Why The Latin Mass?

Over at Get Religion, new contributer Mark Stricherz asks a great question – Why do some Catholics think it’s vital to restore the Tridentine Mass? It’s a great post, and makes some salient points.

It’s tempting to view the revival of the Latin Mass in terms of the culture wars, as Mr. Dagostino does. Maybe, but the reporters failed to make their case. For one thing, other than Mr. Strada’s quote, all the people linking the two are professors. For another thing, it’s not as if the Pope banned the vernacular service and replaced it with the Tridentine. The Pope acted in the spirit of pluralism, allowing individual priests to celebrate the Mass.

A more revealing question by my lights is this one: Why do those seek to revive the Latin Mass consider it such a vital cause? Shouldn’t these people worry more about the fact that few Catholics today are going to confession?

The comments are enlightening, too (which is rare enough for blogs).

I could not add to what Stricherz and the comments have said there, because my own point of view echos many of the sentiments. I understand (and feel, myself) the desire to see a return to the Tridentine Mass (which is really a different thing from the modern Mass, the Novus Ordo, even when the modern mass is done in Latin). I can’t shake the feeling, when I see parishioners raise their hands, that it feels “Evangelical”. I understand the horizonal connections the Novus Ordo deliberately offers. It seems “Protestant” to my sensibilities. To my eyes, the Priest, when facing the congregation, is now situated differently from the rest of us, not the same as we were told he would be. And nobody likes the music.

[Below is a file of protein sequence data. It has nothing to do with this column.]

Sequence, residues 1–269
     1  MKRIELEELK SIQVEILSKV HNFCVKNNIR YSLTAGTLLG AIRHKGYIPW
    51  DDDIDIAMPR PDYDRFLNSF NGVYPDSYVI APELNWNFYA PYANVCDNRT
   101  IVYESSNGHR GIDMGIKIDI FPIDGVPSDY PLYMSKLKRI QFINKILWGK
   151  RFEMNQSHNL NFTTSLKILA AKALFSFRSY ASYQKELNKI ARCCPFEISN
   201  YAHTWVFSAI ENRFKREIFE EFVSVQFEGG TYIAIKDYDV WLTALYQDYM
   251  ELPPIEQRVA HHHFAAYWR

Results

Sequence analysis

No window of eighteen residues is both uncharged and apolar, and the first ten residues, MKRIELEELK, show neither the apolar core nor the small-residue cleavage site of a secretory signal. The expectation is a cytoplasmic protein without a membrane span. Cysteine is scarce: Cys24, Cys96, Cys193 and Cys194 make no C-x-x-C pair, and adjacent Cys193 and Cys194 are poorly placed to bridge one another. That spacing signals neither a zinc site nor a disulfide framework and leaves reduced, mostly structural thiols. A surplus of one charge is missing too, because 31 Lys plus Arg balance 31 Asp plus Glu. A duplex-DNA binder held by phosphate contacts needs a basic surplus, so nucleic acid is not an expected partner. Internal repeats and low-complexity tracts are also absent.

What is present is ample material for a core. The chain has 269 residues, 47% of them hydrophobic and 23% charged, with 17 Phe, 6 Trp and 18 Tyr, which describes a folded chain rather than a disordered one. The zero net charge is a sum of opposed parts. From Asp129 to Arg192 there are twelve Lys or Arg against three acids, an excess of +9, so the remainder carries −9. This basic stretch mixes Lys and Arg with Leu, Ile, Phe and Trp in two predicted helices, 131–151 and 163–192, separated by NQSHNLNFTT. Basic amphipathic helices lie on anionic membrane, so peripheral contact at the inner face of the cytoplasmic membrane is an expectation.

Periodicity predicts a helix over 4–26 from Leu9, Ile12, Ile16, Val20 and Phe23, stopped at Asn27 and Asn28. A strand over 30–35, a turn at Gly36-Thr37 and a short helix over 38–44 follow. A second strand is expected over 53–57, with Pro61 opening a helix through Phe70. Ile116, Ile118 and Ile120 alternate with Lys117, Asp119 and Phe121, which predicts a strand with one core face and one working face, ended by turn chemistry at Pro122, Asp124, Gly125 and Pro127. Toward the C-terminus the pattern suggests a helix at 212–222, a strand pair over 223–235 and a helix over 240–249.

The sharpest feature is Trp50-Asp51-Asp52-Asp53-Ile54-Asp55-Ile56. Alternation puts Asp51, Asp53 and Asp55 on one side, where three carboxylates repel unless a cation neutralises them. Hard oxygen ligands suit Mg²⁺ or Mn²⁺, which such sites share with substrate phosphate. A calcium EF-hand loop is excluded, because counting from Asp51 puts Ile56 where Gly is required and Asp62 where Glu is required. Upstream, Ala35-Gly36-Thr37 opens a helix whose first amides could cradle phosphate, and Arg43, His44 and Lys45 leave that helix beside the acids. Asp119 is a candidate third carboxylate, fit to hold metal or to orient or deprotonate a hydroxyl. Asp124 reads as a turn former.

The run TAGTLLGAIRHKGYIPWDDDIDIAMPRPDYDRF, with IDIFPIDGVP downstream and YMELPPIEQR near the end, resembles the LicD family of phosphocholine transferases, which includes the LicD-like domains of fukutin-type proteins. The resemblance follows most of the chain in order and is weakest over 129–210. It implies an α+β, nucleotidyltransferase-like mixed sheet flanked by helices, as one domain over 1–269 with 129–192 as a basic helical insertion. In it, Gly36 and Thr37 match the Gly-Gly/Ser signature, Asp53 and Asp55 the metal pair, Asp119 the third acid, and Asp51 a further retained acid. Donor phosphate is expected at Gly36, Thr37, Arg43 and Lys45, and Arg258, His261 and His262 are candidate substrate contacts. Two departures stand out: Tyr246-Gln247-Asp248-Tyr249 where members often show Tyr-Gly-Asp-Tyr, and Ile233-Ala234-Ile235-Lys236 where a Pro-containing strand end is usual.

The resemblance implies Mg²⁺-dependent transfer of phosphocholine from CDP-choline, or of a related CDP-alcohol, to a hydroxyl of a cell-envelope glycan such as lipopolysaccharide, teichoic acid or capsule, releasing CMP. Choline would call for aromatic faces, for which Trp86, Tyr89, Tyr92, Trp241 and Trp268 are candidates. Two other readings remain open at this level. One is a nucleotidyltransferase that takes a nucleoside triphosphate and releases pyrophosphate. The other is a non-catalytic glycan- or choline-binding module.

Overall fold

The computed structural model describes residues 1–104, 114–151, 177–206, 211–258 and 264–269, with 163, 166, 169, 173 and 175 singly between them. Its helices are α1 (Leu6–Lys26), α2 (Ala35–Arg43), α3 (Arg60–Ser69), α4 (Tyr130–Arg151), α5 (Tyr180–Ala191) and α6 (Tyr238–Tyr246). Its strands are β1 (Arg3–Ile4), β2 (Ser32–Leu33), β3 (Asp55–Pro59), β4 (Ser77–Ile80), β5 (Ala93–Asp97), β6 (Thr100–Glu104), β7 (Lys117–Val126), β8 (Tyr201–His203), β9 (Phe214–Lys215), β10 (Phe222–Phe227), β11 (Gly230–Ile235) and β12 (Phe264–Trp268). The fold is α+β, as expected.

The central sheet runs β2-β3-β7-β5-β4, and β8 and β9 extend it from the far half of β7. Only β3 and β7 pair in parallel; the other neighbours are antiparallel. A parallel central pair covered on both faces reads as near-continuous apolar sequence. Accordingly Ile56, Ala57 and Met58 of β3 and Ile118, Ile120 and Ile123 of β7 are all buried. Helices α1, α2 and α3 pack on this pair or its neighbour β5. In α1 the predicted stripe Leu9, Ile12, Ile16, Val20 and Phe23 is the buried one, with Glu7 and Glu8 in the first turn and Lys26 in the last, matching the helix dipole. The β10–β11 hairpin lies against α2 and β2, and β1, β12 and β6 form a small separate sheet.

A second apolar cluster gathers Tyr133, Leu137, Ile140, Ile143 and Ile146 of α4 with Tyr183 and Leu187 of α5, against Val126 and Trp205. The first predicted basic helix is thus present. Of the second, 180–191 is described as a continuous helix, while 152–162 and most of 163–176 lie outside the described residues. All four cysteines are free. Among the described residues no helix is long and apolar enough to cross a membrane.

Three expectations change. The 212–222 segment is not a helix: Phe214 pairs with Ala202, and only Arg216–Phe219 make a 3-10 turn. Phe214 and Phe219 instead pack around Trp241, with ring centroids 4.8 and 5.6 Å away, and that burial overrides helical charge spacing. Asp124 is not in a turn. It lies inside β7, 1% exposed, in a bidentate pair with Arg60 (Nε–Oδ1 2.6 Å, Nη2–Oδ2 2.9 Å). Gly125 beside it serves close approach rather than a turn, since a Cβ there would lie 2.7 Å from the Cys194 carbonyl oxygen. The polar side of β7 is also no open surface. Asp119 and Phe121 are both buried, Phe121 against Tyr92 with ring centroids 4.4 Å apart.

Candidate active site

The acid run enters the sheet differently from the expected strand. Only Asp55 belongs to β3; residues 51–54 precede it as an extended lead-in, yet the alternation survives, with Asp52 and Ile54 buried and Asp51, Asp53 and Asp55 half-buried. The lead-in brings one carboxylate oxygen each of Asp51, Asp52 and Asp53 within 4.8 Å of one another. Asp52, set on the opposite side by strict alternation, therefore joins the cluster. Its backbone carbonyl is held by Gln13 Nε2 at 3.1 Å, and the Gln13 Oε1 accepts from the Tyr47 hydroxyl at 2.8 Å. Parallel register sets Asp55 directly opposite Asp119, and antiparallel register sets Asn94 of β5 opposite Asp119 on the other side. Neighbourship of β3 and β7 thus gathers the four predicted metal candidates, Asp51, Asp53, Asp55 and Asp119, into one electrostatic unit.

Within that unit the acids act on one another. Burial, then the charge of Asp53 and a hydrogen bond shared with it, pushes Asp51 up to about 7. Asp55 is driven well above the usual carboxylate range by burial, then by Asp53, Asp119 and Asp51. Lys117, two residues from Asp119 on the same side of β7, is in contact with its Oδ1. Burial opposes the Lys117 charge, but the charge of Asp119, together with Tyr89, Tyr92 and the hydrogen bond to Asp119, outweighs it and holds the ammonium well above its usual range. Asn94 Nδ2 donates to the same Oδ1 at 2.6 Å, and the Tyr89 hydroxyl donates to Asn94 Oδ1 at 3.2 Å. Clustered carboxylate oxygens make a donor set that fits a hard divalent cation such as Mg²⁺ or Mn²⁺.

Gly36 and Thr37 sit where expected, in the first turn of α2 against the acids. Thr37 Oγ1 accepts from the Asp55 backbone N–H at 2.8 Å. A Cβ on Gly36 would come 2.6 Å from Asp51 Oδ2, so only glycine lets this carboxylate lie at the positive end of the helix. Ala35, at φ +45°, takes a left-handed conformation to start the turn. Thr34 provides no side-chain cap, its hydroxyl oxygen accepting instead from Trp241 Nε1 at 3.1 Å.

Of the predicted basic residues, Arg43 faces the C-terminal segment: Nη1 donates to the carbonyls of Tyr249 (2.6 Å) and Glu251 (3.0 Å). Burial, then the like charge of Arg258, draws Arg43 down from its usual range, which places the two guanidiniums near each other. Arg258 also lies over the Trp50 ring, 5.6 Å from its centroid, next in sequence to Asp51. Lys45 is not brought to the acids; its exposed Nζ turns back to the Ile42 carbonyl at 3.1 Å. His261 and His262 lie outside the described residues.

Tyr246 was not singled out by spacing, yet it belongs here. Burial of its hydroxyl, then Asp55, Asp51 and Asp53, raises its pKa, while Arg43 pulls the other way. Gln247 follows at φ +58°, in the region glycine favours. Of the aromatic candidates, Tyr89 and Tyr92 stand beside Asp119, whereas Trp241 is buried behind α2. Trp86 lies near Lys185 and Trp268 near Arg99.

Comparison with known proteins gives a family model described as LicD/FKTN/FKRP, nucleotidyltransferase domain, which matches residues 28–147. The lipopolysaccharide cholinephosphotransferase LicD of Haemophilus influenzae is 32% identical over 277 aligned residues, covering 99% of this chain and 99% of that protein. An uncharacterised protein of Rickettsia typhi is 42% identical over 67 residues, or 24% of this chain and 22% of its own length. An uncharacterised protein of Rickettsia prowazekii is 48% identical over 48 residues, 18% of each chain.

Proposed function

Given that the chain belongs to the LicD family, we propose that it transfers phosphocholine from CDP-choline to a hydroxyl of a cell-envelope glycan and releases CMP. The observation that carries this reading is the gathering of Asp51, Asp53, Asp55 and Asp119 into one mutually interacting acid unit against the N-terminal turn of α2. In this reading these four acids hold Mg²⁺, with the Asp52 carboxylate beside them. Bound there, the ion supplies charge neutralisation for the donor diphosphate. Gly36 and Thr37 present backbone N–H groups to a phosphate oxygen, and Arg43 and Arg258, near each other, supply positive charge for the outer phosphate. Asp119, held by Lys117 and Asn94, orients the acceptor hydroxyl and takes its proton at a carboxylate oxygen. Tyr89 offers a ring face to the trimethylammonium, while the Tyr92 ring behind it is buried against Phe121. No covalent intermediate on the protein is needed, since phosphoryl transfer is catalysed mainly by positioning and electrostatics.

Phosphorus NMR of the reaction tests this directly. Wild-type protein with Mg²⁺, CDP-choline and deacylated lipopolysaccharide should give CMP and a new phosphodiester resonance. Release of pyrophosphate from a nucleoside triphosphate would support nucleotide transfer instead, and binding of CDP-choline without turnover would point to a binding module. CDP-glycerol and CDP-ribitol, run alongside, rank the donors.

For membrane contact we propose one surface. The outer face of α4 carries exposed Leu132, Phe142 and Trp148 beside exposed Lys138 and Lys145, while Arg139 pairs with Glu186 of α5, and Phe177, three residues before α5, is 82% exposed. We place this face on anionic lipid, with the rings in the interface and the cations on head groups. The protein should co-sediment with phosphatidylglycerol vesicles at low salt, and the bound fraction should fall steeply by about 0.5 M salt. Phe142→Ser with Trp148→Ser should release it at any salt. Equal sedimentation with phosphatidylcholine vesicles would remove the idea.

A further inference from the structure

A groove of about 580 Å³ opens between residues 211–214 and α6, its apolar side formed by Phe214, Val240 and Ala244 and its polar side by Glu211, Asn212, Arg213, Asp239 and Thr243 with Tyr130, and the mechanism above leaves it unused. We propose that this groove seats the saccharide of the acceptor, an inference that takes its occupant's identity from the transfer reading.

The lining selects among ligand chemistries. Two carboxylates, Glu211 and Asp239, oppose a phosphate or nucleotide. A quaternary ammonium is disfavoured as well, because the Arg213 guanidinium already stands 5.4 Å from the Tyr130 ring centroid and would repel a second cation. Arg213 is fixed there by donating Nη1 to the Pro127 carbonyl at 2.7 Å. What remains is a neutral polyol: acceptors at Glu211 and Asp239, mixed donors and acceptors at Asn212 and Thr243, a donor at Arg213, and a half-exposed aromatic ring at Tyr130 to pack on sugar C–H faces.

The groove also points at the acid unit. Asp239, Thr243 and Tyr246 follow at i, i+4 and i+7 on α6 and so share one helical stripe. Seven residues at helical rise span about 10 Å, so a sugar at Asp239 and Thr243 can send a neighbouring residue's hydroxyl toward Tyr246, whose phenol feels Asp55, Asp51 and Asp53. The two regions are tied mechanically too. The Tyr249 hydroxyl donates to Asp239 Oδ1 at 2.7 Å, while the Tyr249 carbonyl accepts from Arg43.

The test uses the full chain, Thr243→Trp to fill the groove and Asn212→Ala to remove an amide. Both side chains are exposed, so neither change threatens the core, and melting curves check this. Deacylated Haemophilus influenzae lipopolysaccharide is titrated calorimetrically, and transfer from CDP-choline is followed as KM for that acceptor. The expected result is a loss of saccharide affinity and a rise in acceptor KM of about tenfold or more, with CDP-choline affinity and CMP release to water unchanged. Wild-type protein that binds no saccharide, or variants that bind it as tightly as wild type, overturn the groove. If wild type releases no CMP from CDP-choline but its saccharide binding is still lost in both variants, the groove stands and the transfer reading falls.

But at the same time, I would not have a fraction of the understanding I now have, either of scriptures, or of the celebration itself and it’s meaning if I had not experienced the Novus Ordo for these past decades. When I once submitted to an “interpretive dance” done during Mass, the excesses gave me a reason to stop coming regularly to Church. When I came back, Novus Ordo became a reason to stay and pay attention.

If I could, yes, I would combine the educational, communitarian aspects of the modern rite with the transendental – even mystical – experience of my youth in the immigrant Church in which I was raised. That’s probably not possible.

But permission to attend the Latinized modern rite or the Tridentine Mass on occasion seems to be an appropriate response to my wishes.

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